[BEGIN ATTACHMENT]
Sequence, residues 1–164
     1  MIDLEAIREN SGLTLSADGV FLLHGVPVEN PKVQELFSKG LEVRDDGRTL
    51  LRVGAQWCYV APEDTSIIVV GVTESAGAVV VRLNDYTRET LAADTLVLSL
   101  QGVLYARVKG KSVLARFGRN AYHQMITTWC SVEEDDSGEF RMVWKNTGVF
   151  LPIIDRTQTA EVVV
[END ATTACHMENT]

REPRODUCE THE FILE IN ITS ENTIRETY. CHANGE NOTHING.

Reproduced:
Sequence, residues 1–164
     1  MIDLEAIREN SGLTLSADGV FLLHGVPVEN PKVQELFSKG LEVRDDGRTL
    51  LRVGAQWCYV APEDTSIIVV GVTESAGAVV VRLNDYTRET LAADTLVLSL
   101  QGVLYARVKG KSVLARFGRN AYHQMITTWC SVEEDDSGEF RMVWKNTGVF
   151  LPIIDRTQTA EVVV